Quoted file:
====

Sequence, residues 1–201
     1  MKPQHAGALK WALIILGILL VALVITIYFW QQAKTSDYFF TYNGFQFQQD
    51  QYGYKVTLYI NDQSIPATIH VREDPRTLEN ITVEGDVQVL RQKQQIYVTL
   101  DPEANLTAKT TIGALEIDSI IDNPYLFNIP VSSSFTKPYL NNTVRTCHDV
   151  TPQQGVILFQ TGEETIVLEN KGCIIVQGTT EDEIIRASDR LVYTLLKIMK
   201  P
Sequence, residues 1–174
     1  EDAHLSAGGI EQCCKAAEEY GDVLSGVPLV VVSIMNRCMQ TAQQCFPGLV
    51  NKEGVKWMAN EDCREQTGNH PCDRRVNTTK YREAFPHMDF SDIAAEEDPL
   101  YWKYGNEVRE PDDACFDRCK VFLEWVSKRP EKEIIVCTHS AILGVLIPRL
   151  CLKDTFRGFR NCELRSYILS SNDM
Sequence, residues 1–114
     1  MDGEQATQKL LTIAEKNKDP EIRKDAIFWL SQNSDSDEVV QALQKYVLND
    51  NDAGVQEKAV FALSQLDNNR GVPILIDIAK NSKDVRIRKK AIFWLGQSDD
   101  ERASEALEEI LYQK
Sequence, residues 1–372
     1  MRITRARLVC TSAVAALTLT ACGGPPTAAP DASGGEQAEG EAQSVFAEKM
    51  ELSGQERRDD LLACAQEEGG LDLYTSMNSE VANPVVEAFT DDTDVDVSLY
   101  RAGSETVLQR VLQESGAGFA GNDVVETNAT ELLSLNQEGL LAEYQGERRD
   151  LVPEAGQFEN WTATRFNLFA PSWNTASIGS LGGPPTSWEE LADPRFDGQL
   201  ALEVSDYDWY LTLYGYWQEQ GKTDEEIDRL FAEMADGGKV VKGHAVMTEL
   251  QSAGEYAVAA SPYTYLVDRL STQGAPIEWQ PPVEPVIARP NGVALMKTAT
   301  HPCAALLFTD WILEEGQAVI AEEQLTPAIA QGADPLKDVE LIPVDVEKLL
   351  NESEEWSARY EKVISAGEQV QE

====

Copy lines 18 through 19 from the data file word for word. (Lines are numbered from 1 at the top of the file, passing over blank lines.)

    51  ELSGQERRDD LLACAQEEGG LDLYTSMNSE VANPVVEAFT DDTDVDVSLY
   101  RAGSETVLQR VLQESGAGFA GNDVVETNAT ELLSLNQEGL LAEYQGERRD